A bold redesign is in The Big Picture's future.
Well, this is it. The last issue of The Big Picture as we know it. Nah, we’re not going out of print. In fact, it’s just the opposite. This issue will be our last for our old look before we unveil a bold redesign for the magazine in October.
You know how they say facelifts are unbelievably painful? They’re not lying. And while this move is more than purely cosmetic, it has given us a new appreciation for those of you who are undergoing the same surgery.
Technological advances mean you no longer need skilled operators for every job, or even familiarity with high-end design software. And all sorts of print providers (anyone ever lost a job to FedEx Kinkos?) are nudging their offerings toward large format.
Touring a print shop last week, I surveyed a shelf full of packaging prototypes and wondered aloud about billboards. A higher-up shook his head; they don’t even try for those jobs anymore. The margins are just too slim.
It hasn’t hurt them. In fact, pitching themselves as high-end print experts had just netted the shop a multi-floor gig skinning a corporate headquarters. They’re already thinking about doing more work in that sector, and billboards are long-forgotten.
Now is the time for them, us, and you to pore over the details – to figure out what our clients need, even if they haven’t asked for it yet. It’s a painstaking evolution that doesn’t end when the client is served or the issue goes to press. The redesign for us is the first job in a new sector for you. It requires continual monitoring, and, internally, some banner waving, too.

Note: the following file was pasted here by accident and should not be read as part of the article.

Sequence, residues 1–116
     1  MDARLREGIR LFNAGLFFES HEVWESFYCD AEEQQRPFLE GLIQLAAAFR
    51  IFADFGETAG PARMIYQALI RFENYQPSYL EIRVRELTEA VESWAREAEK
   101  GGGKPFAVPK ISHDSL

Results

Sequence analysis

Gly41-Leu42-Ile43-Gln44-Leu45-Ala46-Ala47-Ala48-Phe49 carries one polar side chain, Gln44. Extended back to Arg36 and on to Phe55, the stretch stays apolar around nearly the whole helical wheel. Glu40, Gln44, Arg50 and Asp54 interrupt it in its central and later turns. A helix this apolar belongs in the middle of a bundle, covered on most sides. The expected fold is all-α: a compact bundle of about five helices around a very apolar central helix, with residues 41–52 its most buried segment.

But taking that first plunge is a public commitment: This is who we are. This is what we do best. That’s the first step – not the stasis point.
Change is tough. Taking on new jobs means laying down low-margin work, ramping up quality control, and nudging old clients toward widening the services they request. Defining the potent mix of what you do best and what your customers need most will leave you, here and there, awake at all the wrong times, wondering what’s next.
When you say no to jobs that used to be bread and butter, but no longer serve, it can feel like the end of the world. For some parts of your business, it is. But after weeks of mock-ups and maybes, palettes and printouts, I’m ready to take that first step. And you know what? I feel fine.